Cosmetic Surgery Review reports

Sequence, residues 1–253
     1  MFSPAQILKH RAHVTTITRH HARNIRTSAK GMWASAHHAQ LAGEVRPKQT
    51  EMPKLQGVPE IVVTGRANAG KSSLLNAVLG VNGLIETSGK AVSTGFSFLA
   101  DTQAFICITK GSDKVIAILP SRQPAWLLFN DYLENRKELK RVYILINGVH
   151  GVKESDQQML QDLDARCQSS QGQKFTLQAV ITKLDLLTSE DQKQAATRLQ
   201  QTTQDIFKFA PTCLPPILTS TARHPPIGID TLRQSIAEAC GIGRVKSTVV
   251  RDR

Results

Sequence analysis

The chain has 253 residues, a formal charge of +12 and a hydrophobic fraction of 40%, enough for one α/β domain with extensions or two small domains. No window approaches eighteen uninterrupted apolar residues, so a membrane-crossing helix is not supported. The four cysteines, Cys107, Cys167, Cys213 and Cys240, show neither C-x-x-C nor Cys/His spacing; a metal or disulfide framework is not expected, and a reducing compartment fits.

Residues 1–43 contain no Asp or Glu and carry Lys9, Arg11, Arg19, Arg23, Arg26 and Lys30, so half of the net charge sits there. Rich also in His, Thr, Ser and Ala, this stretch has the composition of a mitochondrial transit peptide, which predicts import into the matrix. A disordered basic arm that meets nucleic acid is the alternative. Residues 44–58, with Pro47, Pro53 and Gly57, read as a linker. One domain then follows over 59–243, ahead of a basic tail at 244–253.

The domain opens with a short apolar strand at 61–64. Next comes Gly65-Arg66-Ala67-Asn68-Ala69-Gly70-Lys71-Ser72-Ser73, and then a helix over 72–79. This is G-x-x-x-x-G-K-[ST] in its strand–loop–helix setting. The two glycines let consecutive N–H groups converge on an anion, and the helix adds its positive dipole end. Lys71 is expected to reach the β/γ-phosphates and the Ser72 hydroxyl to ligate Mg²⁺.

An interim report into the cosmetic surgery sector supports the call for measures to curb aggressive sales techniques and improve information and education for those considering aesthetic procedures. Responses to the Cosmetic Surgery Review call for evidence were published at the end of last year. The call for evidence was issued to enable the public, cosmetic interventions industry and patient groups to contribute to NHS Medical Director Sir Bruce Keogh’s review of the regulation of cosmetic interventions. Key messages from respondents on the future for cosmetic interventions were that: the current regulatory framework was inconsistent and did not reflect the many changes and innovations in such a fast-growing and dynamic sector training requirements were felt by many to be disproportionately weak compared to the potential risks of a procedure and more specialised training was welcomed dermal fillers and intense pulsed light and laser procedures were highlighted by many as an area where there was insufficient legislation to protect the public respondents were concerned about the lack of data being collected on implants, procedures, adverse incidents and outcomes the Review was timely and an important part of restoring public trust in the cosmetic interventions sector following the issues with PIP breast implants Suggestions that respondents wanted to see implemented included: banning free consultations for cosmetic surgery so that people don’t feel obliged to go through with surgical procedures ensuring consultations are with a medical professional, not a sales adviser imposing tighter restrictions on advertising including banning two-for-one, time limited deals and cosmetic surgery as competition prizes requiring a two-stage written consent for surgery so people have time to reflect before making a decision providing better information for patients including photos of expected bruising and scarring, and more detail on the risks associated with surgery.